Dog Warts : Types & Treatments
Dog warts are pesky yet painless bumps that dogs can develop on various parts of your dog's body.
Even though warts are relatively harmless, it is important that they are diagnosed and observed to prevent any cancerous growths.
A dog wart is the singular form of papillomas, meaning only one visible bump in an isolated area.
Warts usually occur on the aging skin of older dogs -- as if the loss of hair and muscle strength weren't enough for them to deal with! They can also be more of a problem in breeds that need to be groomed (clippers may cut the wart and cause bleeding).
Dog warts can also trigger an 'itch' response, making the dog lick or scratch the area which also makes it bleed or get infected.
In homeopathy, warts are commonly associated with over-vaccination.
Their appearance will let you know if they are benign (non-cancerous) or cancerous.
There are three common appearances of dog warts:
- Small, skin colored, resembling a mushroom on a stalk or a tiny finger. These common warts are benign and nothing to worry about, as long as they remain the same size and shape. It is still a good idea to have the dog wart examined by your veterinarian.
- If that small, mushroom like wart begins to grow in size and ulcerate, your dog could have a problem. Have the wart diagnosed by your veterinarian, who may have it removed.
- Warts with dark areas that are growing on the eyelid or around the lips could be malignant melanoma (potentially fatal skin cancer). These should be checked by your vet and removed immediately.
A dog wart is considered the singular form of papillomas, occurring as a lone bump in an isolated area of the body. Papillomas are benign (non-cancerous) canine tumors that commonly occur in clumps and resemble the scales of a fish.
Papillomas can often be found on young puppies and tend to take on a unique appearance mirroring tufts of cauliflower. This may look a bit scarier than it actually is, but it should be closely observed.
If you have noticed white clumps growing in and/or around the mouth of your puppy, understand that:
- These papillomas are viral in nature
- They tend to clear up after a few months as the puppy's immune system matures
- Certain cases of puppy papillomas have been know to grow slightly severe in nature, especially if the growths climb into the throat, which can cause difficulty breathing or swallowing.
- These growths can be removed if necessary by burning away the tissues
As always... when in doubt, take your dog to the vet.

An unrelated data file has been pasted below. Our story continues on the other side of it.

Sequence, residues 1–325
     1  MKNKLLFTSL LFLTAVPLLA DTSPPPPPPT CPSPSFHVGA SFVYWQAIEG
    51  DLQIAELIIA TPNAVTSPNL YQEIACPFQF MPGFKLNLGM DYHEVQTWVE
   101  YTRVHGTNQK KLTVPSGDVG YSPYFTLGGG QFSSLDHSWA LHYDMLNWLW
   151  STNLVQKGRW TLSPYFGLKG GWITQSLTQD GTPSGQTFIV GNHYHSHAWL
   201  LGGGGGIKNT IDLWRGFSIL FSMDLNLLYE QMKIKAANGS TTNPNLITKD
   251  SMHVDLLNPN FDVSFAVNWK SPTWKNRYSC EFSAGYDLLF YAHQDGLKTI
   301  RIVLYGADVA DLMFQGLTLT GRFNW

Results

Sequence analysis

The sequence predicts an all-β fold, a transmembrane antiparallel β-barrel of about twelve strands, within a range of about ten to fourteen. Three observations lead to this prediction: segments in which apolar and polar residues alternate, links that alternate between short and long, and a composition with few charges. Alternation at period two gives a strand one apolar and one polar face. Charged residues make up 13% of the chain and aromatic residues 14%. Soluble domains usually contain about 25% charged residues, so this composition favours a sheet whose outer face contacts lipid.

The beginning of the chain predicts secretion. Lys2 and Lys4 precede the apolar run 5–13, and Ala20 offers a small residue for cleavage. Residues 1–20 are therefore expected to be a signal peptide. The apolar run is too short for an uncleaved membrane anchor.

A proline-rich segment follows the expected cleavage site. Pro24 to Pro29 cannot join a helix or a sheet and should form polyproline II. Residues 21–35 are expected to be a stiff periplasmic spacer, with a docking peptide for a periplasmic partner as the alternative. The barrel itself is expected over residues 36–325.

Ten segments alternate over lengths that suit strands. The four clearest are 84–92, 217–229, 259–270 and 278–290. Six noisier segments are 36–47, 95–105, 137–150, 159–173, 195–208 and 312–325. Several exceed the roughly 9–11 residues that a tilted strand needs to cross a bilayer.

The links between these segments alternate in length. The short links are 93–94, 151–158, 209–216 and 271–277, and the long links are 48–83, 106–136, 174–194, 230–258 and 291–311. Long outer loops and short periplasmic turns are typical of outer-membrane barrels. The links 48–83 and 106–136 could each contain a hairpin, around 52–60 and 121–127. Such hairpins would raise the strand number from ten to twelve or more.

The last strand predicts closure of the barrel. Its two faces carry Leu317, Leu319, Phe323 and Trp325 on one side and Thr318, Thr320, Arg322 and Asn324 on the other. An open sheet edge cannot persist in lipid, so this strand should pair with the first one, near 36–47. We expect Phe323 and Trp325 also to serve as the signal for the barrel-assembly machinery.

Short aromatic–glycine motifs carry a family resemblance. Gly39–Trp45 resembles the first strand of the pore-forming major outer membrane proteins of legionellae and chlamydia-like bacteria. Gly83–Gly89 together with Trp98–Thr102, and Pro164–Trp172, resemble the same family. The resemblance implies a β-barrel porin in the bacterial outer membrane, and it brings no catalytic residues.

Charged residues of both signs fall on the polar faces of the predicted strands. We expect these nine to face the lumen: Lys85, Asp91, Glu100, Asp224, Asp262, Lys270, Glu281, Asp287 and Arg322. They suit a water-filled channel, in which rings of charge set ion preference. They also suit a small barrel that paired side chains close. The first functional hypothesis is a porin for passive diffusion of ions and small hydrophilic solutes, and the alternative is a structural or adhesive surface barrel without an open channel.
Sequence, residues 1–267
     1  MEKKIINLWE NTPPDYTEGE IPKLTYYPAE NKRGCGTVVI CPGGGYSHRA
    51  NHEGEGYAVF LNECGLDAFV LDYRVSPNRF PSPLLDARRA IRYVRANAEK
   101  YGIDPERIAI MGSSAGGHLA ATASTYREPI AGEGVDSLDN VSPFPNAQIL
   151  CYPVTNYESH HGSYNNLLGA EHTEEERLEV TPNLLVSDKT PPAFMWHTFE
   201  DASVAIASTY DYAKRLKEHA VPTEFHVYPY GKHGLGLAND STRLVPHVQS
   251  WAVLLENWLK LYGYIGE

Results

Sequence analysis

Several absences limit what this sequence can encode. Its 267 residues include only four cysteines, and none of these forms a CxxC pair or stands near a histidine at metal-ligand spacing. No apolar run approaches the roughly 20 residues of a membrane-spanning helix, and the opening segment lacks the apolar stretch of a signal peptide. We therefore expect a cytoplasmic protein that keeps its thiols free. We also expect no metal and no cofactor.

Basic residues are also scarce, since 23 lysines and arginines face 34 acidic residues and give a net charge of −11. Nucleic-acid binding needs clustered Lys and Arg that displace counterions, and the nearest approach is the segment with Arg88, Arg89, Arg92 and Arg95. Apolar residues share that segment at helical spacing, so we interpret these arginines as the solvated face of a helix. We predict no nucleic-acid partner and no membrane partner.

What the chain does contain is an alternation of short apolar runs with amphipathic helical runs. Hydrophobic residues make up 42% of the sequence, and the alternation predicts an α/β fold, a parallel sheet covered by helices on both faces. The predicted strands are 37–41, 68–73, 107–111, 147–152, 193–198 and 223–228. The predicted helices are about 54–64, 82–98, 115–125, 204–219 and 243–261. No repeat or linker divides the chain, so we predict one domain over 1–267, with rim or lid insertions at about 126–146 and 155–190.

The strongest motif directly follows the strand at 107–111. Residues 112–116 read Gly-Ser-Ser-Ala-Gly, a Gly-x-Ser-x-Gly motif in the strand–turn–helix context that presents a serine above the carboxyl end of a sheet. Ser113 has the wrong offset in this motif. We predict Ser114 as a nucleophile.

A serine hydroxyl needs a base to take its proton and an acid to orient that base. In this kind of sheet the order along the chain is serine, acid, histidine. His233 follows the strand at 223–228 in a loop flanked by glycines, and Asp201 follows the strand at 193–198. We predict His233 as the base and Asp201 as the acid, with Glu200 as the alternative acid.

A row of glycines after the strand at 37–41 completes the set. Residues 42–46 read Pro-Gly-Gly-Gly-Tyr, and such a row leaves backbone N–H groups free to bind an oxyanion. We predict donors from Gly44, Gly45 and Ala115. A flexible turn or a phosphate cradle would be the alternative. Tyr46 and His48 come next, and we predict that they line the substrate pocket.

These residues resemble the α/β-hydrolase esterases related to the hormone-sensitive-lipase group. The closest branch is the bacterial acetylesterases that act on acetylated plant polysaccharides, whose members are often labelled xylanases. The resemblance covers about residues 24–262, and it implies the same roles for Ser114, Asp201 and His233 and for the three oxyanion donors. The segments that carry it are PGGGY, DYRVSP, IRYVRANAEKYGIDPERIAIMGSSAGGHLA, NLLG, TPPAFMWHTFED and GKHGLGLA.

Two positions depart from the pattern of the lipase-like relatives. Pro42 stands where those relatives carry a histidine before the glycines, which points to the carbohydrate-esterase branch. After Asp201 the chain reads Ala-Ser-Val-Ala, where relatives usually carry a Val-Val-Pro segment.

Since dog warts are generally harmless, you may want to treat them naturally to avoid surgery or the use of potentially harmful manmade topical creams.
In addition, turning to conventional means of removing them may only trigger new ones to appear.
Here are a few things to try:
- Consider giving the homeopathic remedy THUYA 12c (available at natural health food stores). Using Thuya orally (or topically, in some cases) has been VERY beneficial as a treatment for warts when they may be due to over vaccination. It can be given in one of two ways:
- One dry pellet by mouth two times daily for the next 6 weeks
- Or dissolve one pellet into 2oz of spring water and give it by eye dropper two times daily for the next 6 weeks
- Apply Vitamin E from a punctured Vitamin E capsule directly to the wart. Do this a few times a day for several weeks until you see improvement.
- Another option is to apply castor oil directly to the dog warts in order to soften them and reduce irritation. Castor oil can be found in most drug stores.
For general overall skin health and to prevent warts in the first place, don't forget that the skin, the largest organ in the body, fights harmful elements in conjunction with other vital organs. While the skin works as a barrier to keep bad things out of the body, the kidneys, intestines and liver work to get rid of waste on the inside.
Skin and Coat Tonic from PetAlive is an effective natural treatment towards promoting the healthy functioning of these internal organs and boosting the immune system in order to help keep the skin healthy.
If you're not sure about your dog's wart and want us to take a look before you spend money on a vet, we're happy to help. Submit a close-up picture of the affected area via My Online Vet along with:
- Your dog's breed, age, gender diet and lifestyle
- The progression of the growth of the spot in question (timeframe, change in color, etc.)
- Advice you have received from others, if any
- What you have done to try to fix the problem, if anything
You can also review pictures and questions submitted by other visitors in our My Online Vet Ask-A-Vet Library section on Dog Warts, Cysts and Strange Growths.
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